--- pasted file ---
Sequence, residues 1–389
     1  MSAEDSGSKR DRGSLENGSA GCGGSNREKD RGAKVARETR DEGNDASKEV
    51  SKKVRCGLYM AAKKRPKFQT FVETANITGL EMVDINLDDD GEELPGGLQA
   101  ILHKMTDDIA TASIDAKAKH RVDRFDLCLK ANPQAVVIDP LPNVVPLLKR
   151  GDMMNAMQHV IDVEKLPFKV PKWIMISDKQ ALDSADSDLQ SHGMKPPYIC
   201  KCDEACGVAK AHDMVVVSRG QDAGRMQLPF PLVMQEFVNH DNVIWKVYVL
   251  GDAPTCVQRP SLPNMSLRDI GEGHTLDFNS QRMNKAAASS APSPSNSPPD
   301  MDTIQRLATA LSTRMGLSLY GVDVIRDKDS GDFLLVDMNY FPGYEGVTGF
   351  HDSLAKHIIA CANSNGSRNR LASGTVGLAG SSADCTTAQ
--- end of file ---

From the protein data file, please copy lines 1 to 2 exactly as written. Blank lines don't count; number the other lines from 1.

Sequence, residues 1–389
     1  MSAEDSGSKR DRGSLENGSA GCGGSNREKD RGAKVARETR DEGNDASKEV